In order to detect violation of the CSI, the authors [3] came up with the nice idea to use integrated correlation functions that correspond to an atom number n in a particular volume V. When the two volumes correspond to diametrically opposed correlated pairs of zones (red boxes in Fig. 1, top panel), the parameter C is greater than unity, violating the CSI (red and green curves in Fig. 1, bottom panel). In contrast, for the two identical neighboring volumes containing uncorrelated atom pairs, the CSI is not violated (blue line in Fig. 1, bottom panel). Furthermore, large integration volumes (that is, when the halo is cut into a small number of zones for analysis) results in weak violation, while using smaller volumes (many zones) increases the violation. This behavior is due to the fact that larger volumes tend to behave classically. An intuitive picture of this effect is that the opposite scattered atom pairs get correlated via four-wave mixing processes. The observed nonclassical effects prove that scattering atoms should be treated quantum mechanically and cannot be described by classical stochastic random variables theory.

Finally, a potential interesting property of these results is that the atom pairs have large spatial separations (several cm) and are well suited for further investigations of Einstein-Podolsky-Rosen entanglement and Bell’s inequalities using atoms. Thus matter wave optics has reached the point where quantum correlated atomic states can be successfully created and their fascinating features can be explored.


  1. R. Hanbury Brown and R. Q. Twiss, ”Correlation between Photons in two Coherent Beams of Light,” Nature 177, 27 (1956)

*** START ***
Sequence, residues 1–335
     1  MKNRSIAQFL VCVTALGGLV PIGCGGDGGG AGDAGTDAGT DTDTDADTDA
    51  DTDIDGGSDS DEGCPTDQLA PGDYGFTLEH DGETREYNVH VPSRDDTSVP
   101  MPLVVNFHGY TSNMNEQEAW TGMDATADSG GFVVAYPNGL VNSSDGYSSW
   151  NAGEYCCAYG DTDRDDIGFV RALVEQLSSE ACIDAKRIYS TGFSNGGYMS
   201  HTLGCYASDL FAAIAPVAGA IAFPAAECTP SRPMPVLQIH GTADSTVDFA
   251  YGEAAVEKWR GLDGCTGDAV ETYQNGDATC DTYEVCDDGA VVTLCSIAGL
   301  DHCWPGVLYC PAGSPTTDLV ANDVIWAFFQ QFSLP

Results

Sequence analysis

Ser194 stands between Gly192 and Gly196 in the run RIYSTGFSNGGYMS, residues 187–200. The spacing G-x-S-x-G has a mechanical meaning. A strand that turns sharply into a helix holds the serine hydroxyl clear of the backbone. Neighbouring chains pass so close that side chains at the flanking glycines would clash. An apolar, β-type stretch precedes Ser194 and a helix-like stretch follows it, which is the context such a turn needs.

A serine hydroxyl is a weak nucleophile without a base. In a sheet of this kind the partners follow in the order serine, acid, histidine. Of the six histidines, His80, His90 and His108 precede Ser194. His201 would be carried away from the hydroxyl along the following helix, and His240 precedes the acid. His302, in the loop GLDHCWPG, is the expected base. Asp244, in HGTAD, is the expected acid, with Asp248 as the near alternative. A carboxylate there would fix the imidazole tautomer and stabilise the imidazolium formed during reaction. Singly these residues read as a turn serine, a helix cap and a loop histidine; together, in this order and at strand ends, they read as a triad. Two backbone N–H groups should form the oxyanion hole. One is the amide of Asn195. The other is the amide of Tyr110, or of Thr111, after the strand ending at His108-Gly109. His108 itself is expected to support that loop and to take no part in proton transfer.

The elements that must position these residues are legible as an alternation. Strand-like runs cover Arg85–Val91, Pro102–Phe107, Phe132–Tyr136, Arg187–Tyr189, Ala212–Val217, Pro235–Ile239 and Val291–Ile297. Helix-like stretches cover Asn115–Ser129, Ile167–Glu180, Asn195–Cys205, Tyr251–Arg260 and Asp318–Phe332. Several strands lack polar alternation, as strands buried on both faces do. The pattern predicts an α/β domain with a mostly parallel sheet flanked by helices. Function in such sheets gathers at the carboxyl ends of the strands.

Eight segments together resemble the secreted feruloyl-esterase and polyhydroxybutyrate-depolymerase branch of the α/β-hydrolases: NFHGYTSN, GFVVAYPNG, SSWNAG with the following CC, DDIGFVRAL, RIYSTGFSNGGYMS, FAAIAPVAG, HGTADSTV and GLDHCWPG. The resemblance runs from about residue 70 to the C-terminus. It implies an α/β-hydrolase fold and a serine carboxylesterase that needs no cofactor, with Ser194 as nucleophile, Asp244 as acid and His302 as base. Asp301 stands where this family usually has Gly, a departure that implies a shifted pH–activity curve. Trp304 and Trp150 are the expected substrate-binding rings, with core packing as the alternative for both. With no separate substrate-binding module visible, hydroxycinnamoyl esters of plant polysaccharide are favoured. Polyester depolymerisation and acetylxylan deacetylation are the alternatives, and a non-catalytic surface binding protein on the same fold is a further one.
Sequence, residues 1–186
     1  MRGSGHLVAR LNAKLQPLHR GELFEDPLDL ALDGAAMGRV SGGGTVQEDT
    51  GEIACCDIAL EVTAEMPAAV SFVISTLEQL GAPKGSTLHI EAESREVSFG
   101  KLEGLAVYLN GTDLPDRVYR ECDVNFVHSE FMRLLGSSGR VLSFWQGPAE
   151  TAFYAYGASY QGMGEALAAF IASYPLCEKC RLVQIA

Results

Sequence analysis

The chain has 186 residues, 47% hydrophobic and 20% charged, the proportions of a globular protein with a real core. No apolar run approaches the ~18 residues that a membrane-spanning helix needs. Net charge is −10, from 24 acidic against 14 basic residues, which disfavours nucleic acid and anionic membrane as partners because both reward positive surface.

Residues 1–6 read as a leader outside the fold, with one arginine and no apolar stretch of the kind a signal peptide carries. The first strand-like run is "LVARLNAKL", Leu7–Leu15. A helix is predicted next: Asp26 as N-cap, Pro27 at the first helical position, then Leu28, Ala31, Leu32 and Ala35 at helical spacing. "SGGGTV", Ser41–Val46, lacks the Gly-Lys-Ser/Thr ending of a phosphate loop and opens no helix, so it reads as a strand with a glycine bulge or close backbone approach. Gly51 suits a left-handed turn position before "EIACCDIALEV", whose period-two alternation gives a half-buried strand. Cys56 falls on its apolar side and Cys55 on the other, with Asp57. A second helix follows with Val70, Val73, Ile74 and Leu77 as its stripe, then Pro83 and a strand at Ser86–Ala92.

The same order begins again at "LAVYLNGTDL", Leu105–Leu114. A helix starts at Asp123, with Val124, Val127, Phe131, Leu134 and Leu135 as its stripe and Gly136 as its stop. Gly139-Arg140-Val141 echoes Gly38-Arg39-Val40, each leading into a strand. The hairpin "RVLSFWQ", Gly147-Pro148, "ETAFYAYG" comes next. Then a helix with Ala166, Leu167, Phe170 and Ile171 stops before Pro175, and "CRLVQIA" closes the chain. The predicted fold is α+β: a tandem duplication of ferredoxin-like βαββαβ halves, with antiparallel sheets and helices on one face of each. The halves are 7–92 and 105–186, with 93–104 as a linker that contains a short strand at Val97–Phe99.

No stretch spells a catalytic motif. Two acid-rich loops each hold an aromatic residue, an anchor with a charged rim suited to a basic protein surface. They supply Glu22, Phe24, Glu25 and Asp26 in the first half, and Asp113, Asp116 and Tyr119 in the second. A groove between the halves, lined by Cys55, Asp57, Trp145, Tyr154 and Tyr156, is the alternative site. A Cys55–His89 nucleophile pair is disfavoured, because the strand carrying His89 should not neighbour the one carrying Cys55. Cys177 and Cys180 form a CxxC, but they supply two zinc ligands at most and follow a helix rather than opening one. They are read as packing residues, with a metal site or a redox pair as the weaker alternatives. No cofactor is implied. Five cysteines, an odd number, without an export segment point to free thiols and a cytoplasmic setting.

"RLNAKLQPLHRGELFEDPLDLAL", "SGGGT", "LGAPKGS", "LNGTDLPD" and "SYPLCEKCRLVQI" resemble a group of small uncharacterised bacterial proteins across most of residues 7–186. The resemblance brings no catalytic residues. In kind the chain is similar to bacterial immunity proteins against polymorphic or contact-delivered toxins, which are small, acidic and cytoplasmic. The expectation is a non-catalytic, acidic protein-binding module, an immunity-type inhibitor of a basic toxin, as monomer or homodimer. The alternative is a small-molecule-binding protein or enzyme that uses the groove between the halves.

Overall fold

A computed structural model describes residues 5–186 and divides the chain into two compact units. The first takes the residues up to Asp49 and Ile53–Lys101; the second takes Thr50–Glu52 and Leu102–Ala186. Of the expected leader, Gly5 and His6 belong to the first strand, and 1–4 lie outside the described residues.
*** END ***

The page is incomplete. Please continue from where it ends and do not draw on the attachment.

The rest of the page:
2. R. J. Glauber, ”The Quantum Theory of Optical Coherence,” Phys. Rev. 130, 2529 (1963); ”Coherent and Incoherent States of the Radiation Field,” 131, 2766 (1963)
  3. K. V. Kheruntsyan, J-C. Jaskula, P. Deuar, M. Bonneau, G. B. Partridge, J. Ruaudel, R. Lopes, D. Boiron, and C. I. Westbrook, ”Violation of the Cauchy-Schwarz Inequality with Matter Waves,” Phys. Rev. Lett. 108, 260401 (2012)
  4. D. F. Walls, and G. J. Milburn, Quantum Optics (Springer-Verlag, New York, 1995)[Amazon][WorldCat]
  5. J. F. Clauser, ”Experimental distinction between the quantum and classical field-theoretic predictions for the photoelectric effect,” Phys. Rev. D 9, 853 (1974)
  6. P. Kolchin, S. Du, C. Belthangady, G. Y. Yin, and S. E. Harris, ”Generation of Narrow-Bandwidth Paired Photons: Use of a Single Driving Laser,” Phys. Rev. Lett. 97, 113602 (2006)
  7. A. M. Marino, V. Boyer, and P. D. Lett, ”Violation of the Cauchy-Schwarz Inequality in the Macroscopic Regime,” Phys. Rev. Lett. 100, 233601 (2008)
  8. M. Macovei, J. Evers, and C. H. Keitel, ”Quantum correlations of an atomic ensemble via an incoherent bath,” Phys. Rev. A 72, 063809 (2005)

About the Author

Image of Mihai A. Macovei

Since 2004, Mihai Macovei has been a researcher at the Max Planck Institute for Nuclear Physics, Heidelberg, Germany. He received his Ph.D. at the Institute of Applied Physics, Academy of Sciences of Moldova, and was a fellow of the Alexander von Humboldt Foundation while at Freiburg University, Germany. His research interests include collective phenomena in quantum optics, quantum interference and decoherence, and quantum correlations.

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Subject Areas

OpticsQuantum Physics